Where two agree on earth as touching any thing "that they shall ask, it shall be done for them of my "Father which is in heaven." It may also be assumed, that some farther accessions have been made to the number and seriousness of those," who sigh and "mourn for the abominations that prevail;" and who, in various ways, exert themselves to stem the torrent of impiety, and to turn away the indignation of the Lord from our guilty land.
Let us also recollect, that by whatever means or instruments we are preserved, it is God who hath preserved us; and that "he delighteth in the prayer of the
upright:" and then we shall be prepared, (without undervaluing the services of men, however employed,) to adopt the language of the text, "The LORD hath "inclined his ear unto us."
Surely it is in answer to the prayers of God's servants, that, while almost every country in Europe, has VOL. II. 3 K
been made the seat of war, deluged with blood, and exposed to dreadful devastations by fire and sword; we have had peace in our borders. Our established government, our civil constitution, (rendered more valuable than ever to reflecting persons, by comparison with its boasted rivals,) are preserved to us. No revolution, no civil bloodshed, no convulsions, have here taken place. Our sabbaths, our churches, our religious establishments, our toleration, are continued. Few, very few comparatively, have lost their lives, in this dreadful struggle, by the sword of justice; (a wonderful proof of the mild and equitable spirit of our constitution!) Our commerce and manufactures, the support of the poor, and the resources of the publick, as well as the wealth of individuals, are not materially injured; nay, in many cases, are unimpaired and improved. We have had scarcity, urgent scarcity: but astonishing supplies from abroad have been vouchsafed, till Providence has favoured us with a harvest plentiful almost beyond example. At length, peace is made, as well as plenty, in good measure, restored; and pleasing prospects open to our view.-Can we remember our prayers, during many years, often accompanied with distressing alarms and sorrows; and then refuse to say, "Verily God hath heard us?" Are not these deliverances and mercies answers to our prayers?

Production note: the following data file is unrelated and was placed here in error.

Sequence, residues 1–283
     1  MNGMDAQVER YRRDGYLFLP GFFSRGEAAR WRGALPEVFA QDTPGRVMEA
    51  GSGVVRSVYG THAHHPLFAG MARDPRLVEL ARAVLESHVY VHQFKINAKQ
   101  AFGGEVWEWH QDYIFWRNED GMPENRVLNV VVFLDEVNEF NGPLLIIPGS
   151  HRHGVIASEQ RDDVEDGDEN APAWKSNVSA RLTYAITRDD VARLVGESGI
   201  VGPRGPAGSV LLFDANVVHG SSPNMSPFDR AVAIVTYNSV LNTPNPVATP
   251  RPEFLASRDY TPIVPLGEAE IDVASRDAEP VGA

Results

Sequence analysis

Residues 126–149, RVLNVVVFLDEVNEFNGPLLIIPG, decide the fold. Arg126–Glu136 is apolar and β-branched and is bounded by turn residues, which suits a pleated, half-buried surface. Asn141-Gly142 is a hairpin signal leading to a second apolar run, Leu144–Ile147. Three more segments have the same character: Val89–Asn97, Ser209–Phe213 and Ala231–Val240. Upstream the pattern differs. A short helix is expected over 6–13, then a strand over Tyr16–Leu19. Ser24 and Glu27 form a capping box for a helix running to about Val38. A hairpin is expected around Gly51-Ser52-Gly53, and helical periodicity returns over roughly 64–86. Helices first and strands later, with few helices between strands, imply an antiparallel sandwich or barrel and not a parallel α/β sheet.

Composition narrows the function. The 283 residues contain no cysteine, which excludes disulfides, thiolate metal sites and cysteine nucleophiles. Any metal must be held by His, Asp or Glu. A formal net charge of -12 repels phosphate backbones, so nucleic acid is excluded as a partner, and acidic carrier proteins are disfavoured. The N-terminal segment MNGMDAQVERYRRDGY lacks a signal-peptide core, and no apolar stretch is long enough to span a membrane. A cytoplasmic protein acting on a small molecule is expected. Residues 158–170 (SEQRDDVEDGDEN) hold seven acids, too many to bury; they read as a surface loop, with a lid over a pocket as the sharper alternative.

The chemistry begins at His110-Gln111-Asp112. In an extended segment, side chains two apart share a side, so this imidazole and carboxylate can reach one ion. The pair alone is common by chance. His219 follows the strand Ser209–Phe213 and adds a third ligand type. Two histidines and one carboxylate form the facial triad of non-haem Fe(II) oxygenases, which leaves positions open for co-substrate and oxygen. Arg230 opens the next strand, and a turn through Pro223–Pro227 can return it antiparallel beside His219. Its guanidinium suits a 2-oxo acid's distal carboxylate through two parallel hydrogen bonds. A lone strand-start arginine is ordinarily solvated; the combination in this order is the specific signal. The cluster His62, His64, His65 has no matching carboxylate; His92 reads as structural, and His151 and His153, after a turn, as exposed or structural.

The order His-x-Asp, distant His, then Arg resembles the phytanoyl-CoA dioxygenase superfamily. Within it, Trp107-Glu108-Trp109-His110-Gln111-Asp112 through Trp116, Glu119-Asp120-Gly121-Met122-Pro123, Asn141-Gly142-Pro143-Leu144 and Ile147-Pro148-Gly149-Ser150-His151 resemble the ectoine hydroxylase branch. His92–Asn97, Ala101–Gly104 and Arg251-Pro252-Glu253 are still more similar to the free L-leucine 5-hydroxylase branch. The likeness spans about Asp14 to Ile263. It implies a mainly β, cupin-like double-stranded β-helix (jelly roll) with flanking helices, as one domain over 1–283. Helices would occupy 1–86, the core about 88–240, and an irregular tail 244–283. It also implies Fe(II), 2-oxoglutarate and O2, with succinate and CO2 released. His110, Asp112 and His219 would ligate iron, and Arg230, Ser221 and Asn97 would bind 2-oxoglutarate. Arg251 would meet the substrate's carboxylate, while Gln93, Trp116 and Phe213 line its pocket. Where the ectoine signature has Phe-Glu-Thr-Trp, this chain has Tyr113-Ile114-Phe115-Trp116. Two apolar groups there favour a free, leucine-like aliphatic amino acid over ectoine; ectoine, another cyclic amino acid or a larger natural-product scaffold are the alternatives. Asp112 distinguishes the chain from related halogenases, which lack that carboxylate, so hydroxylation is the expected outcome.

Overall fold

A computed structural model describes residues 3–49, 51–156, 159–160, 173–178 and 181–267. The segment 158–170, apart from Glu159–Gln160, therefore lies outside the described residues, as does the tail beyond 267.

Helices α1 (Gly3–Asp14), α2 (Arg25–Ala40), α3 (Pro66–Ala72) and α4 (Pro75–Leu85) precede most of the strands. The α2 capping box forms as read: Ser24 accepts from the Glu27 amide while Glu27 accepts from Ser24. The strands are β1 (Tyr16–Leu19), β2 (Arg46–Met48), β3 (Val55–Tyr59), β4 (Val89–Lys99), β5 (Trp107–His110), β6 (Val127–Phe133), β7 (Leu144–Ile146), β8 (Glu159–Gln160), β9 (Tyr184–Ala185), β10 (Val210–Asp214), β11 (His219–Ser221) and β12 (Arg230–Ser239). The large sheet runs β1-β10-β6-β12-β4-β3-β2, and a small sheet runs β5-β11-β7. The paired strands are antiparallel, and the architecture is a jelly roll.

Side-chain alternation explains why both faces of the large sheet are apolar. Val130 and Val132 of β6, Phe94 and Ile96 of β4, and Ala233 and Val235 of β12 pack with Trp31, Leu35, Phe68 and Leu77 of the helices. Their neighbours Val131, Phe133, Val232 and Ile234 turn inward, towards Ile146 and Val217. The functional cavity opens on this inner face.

You have often heard, and will no doubt again hear, the particular instances in which a kind and bountiful Providence has interposed in our behalf: but I shall only offer two hints on this subject. It is not likely that truly pious Christians generally unite in prayer, for
the aggrandisement of their own country, and the destruction of their enemies: though they are often accused of it. They would wish, if possible, to prevent the effusion of human blood, and the calamities of their fellow-creatures: but they pray to be defended from invasions and desolations; they pray for the peace of the land in which they enjoy peace; and a blessing on the persons and measures of their rulers, who protect them in the enjoyment of their civil and religious privileges; and they pray for the preservation of those valued privileges, to themselves, their fellow-subjects, and posterity to remote generations. At the same time, however unavoidable and just any war may be, it cannot be reasonably expected, but that human passions will mingle in the prosecution of it; and that motives of ambition, rapacity, resentment, or worldly policy, will dictate some measures; and so, carry men beyond what is necessary for self-defence. Now, my brethren, I would particularly call your attention to this circumstance, in the history of the late war. Every measure, without exception, either more or less immediately connected with our own defence, has been wonderfully successful: but several which had for their object rather the annoyance of our enemies, than our own preservation, though planned in consummate policy, viewed with most sanguine expectation, and conducted with ability and fortitude, have proved unavoidably unprosperous: and, in thus dealing with us, has not God, as it were, said, 'I answer the prayers of my people, which they offer according to my will, and protect the land; but further than this I do not give success?'